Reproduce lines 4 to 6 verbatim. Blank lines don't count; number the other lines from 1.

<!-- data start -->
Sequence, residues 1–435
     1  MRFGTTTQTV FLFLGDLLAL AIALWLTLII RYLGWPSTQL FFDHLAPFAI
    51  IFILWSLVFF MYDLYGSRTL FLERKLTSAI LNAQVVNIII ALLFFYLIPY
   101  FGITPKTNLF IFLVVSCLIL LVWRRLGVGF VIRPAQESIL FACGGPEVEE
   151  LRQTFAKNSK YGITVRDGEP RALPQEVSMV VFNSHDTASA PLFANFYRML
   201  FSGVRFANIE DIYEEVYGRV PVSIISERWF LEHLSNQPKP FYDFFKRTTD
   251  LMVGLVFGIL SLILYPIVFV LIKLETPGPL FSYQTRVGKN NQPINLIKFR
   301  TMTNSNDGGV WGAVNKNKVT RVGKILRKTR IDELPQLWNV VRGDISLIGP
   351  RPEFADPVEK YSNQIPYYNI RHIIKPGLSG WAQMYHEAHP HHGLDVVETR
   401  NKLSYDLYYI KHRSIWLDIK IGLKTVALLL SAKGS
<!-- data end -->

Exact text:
   101  FGITPKTNLF IFLVVSCLIL LVWRRLGVGF VIRPAQESIL FACGGPEVEE
   151  LRQTFAKNSK YGITVRDGEP RALPQEVSMV VFNSHDTASA PLFANFYRML
   201  FSGVRFANIE DIYEEVYGRV PVSIISERWF LEHLSNQPKP FYDFFKRTTD